Riots in N. Ireland, as old rivalries die hard

A car is set alight during rioting in Belfast Tuesday, July 12, 2011. Police firing plastic bullets and powerful water cannons forced Catholic militants away from a key Belfast road Tuesday as Northern Ireland's annual day of Protestant marches reached a tense climax. Catholic youths lashed out at police both before and after the marches by the Orange Order, a Protestant brotherhood whose yearly July 12 demonstrations celebrate 17th-century military triumphs over Catholics _ and often inspire a violent response from the province's minority. AP Photo/Colm O'Reilly

BELFAST, Northern Ireland -- Police firing plastic bullets and powerful water cannons forced Catholic militants away from a key Belfast road Tuesday as Northern Ireland's annual day of Protestant marches reached a tense climax.

Catholic youths lashed out at police both before and after the marches by the Orange Order, a Protestant brotherhood whose yearly July 12 demonstrations celebrate 17th-century military triumphs over Catholics -- and often inspire a violent response from the province's minority.

Hundreds of mostly teenage Catholics, who covered their faces with masks and hoods, waged running street battles with heavily girded police on the streets of Ardoyne, a hard-line Irish nationalist enclave in north Belfast.

Police reported standoffs and smaller riots in several other Catholic parts of this British territory, where a 1998 peace accord and 2007 creation of a Catholic-Protestant government have failed to defuse Northern Ireland's summertime tribal clashes over marching rights.

The Ardoyne rioters, cheered by much larger crowds of Catholic spectators, tried to force their way on to the major local road in protest at a peaceful Protestant parade that police had just permitted to pass under strict conditions -- including a requirement that the Protestants march to the beat of a lone snare drum.

The police, determined to prevent direct Protestant-Catholic street fighting, held their ground backed by three massive mobile water cannons that doused street fighters, journalists and spectators alike.

As darkness fell, the rioters reinforced their salvos of firecrackers, rocks, bricks and bottles with gasoline-filled Molotov cocktails. Some burst harmlessly on the sides of police armored vehicles or more alarmingly amid rows of police, who wore helmets and flame-retardant boiler suits. Some rioters shouted "Burn! Burn!" as officers frantically batted out the flames.

Officers responded with dozens of single, targeted shots from plastic-bullet guns designed to knock down individual rioters without seriously wounding them. One rioter was seen trying to throw a Molotov cocktail, only to drop it as his feet when struck by one of the blunt-nosed cylinders.

It appeared certain that the casualty list would surge from Tuesday's earlier total of 24 police officers and an unknown number of rioters. Typically, rioters injured in Belfast avoid hospitals because they face police arrest there.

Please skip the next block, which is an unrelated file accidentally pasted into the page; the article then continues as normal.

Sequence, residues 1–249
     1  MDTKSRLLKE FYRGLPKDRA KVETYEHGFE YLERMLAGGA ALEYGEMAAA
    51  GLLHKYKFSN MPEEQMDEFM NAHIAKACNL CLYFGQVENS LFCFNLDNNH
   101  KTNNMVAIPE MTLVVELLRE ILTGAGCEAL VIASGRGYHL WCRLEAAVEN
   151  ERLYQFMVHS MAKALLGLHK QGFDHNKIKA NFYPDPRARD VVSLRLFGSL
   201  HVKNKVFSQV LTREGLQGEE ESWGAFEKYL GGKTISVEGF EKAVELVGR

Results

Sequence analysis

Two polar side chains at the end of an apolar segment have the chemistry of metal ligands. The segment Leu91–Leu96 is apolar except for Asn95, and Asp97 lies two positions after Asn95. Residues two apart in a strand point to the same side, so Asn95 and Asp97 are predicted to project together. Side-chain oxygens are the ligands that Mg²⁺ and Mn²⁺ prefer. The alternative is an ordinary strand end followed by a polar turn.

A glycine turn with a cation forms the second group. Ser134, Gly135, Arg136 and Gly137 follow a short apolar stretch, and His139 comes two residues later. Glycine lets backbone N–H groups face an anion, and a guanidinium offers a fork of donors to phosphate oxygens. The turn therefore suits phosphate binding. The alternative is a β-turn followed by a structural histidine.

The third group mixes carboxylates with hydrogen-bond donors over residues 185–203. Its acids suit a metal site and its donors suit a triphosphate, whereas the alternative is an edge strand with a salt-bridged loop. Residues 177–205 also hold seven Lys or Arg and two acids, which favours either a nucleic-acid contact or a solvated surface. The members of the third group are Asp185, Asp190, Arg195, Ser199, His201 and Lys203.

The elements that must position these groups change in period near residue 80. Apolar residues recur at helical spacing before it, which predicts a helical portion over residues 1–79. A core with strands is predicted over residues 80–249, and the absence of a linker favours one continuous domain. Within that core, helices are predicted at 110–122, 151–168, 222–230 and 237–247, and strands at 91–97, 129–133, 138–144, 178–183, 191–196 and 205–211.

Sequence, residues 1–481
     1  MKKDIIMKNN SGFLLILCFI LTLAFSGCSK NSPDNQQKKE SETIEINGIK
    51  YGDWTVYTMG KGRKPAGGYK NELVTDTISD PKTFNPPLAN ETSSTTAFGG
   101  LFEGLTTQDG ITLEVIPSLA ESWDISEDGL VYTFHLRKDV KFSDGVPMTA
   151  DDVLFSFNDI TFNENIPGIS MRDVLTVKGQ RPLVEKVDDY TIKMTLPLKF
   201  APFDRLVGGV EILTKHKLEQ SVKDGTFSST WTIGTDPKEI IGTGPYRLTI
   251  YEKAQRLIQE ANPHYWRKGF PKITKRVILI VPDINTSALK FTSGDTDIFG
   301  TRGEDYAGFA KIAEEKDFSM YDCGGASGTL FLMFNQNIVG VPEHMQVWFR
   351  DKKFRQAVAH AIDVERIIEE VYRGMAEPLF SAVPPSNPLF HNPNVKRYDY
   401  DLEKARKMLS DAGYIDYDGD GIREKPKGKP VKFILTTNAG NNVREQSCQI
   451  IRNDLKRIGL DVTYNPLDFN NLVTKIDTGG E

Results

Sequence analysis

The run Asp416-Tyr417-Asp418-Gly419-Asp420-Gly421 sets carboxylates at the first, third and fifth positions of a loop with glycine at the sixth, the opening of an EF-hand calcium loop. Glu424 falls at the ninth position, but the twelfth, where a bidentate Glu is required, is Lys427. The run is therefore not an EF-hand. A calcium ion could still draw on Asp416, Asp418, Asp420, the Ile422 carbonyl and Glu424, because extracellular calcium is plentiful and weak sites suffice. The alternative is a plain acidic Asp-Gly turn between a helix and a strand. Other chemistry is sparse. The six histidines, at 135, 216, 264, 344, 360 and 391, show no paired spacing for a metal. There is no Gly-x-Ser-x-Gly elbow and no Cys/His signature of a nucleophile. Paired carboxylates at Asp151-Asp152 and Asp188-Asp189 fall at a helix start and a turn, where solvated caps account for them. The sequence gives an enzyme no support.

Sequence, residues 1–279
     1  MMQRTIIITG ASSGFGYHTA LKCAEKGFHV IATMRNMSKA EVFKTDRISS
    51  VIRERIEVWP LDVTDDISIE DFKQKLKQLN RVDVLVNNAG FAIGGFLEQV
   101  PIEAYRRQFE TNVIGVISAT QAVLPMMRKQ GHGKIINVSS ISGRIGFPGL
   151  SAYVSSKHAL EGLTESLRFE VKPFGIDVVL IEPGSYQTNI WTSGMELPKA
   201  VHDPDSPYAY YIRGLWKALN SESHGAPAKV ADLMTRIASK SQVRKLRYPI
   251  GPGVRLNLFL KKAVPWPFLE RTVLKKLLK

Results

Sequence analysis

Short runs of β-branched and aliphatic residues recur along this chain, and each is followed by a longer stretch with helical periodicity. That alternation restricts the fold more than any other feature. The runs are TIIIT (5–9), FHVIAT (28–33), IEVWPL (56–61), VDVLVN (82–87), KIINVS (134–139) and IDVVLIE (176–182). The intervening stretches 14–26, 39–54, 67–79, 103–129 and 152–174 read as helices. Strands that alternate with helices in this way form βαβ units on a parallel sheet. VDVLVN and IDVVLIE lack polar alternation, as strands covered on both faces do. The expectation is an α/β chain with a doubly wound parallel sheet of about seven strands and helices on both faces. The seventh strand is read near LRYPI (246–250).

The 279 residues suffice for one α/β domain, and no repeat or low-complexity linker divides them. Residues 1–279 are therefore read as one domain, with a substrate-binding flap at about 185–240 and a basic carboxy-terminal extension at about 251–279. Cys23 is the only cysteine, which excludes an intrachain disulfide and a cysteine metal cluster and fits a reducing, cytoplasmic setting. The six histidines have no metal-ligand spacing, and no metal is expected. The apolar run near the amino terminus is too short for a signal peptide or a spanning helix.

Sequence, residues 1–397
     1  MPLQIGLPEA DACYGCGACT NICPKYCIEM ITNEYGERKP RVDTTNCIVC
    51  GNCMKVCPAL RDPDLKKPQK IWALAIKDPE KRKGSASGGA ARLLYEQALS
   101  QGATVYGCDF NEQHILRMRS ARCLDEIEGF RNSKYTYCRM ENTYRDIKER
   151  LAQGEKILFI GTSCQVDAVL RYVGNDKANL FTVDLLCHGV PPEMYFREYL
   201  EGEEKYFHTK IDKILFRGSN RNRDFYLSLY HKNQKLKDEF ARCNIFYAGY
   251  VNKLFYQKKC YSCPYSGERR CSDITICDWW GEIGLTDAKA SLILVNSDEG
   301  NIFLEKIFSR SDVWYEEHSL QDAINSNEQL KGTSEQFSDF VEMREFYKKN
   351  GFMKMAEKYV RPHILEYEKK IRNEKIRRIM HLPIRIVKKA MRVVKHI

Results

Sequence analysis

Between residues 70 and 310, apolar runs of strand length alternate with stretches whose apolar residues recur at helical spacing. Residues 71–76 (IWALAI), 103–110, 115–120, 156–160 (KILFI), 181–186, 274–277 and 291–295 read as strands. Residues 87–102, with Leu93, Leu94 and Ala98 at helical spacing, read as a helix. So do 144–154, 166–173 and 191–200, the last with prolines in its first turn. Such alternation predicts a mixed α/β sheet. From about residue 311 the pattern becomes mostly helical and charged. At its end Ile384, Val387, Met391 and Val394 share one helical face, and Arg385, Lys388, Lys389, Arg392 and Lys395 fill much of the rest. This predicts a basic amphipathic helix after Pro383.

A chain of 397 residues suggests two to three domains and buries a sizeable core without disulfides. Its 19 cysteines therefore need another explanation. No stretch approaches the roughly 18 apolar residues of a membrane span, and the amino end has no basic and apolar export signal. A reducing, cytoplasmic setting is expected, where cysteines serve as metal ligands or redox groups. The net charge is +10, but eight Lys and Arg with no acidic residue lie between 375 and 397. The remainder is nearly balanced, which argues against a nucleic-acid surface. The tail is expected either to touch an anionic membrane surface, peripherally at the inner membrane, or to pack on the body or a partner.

Northern Ireland riots
A policeman's helmet is engulfed in flames after coming under a petrol bomb attack from nationalist youths in Ardoyne in north Belfast, after police cordoned off the area to allow through a Protestant parade Tuesday July 12, 2011.
AP Photo
In the predawn hours before Tuesday's Orange parades, Belfast Catholic youths rioted at three front-line points near Protestant districts. In the worst violence near Northern Ireland's main M1 motorway, rioters hijacked a bus and tried to crash it into police lines but missed and crashed into a sidewalk.

Last year, Catholic clashes with police both before and after the Protestants' traditional July 12 parades ran for three nights and left 83 officers wounded, mostly on the bitterly contested streets of Ardoyne, long renowned as a power base of the outlawed Irish Republican Army.

"The Twelfth" officially commemorates the July 12, 1690, triumph of Protestant King William of Orange versus his Catholic rival for the English throne, James II, at the Battle of the Boyne south of Belfast. Underscoring their devotion to Protestantism and a British identity, the Orangemen march under banners depicting the British crown on an open Bible.

Orangemen once marched wherever they wanted in Northern Ireland, a state created on the back of Orange power as the predominantly Catholic rest of Ireland won independence from Britain in the early 1920s.

Catholic hostility to Protestant parades helped ignite warfare over Northern Ireland's future that claimed more than 3,600 lives from the late 1960s to mid-1990s, when paramilitary cease-fires finally took hold.

As the IRA lowered its guns, Sinn Fein activists began blocking Orangemen's traditional marching routes in several cities, towns and villages. The tactic brought Northern Ireland to the brink of civil war -- and ended in broad defeat for the Orangemen, who refused to negotiate on their marching rights until it was too late.

Britain punished the Orangemen's stubbornness by imposing bans on parades that met the heaviest opposition from Catholics. Orangemen spent years mounting violent standoffs with British security forces in hopes of regaining lost ground, but eventually gave up.

The Crumlin Road beside Ardoyne is the only remaining parading point in Belfast that inspires recurring violence. There, the Orangemen have no obvious alternative way to march from their lodges to central Belfast and back.

In 2005, IRA dissidents opposed to their side's cease-fire first turned Ardoyne into the major July 12 sectarian flashpoint. They hurled homemade grenades at police from Ardoyne shop rooftops, wounding more than 100 officers. On Tuesday, police seized control of those rooftops -- only to see the Ardoyne extremists shift the battleground to a few streets away.

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